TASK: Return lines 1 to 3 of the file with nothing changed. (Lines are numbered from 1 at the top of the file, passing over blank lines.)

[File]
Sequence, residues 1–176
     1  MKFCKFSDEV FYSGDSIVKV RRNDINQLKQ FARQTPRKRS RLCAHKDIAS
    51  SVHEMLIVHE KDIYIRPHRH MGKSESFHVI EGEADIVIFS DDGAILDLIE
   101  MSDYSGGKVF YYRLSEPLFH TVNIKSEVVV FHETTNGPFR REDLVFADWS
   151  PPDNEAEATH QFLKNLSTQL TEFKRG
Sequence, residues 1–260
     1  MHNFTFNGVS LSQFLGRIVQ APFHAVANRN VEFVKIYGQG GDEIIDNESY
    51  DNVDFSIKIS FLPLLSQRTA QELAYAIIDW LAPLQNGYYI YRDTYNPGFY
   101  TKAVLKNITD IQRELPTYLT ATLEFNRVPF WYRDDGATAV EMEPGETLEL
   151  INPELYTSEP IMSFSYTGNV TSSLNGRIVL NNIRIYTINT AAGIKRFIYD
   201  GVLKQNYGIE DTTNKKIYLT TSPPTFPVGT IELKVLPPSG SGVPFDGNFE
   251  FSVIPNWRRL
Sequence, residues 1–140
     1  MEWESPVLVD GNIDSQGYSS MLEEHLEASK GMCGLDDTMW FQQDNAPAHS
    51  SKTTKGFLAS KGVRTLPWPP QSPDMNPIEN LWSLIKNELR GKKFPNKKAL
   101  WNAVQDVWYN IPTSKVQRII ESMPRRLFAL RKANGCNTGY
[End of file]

Sequence, residues 1–176
     1  MKFCKFSDEV FYSGDSIVKV RRNDINQLKQ FARQTPRKRS RLCAHKDIAS
    51  SVHEMLIVHE KDIYIRPHRH MGKSESFHVI EGEADIVIFS DDGAILDLIE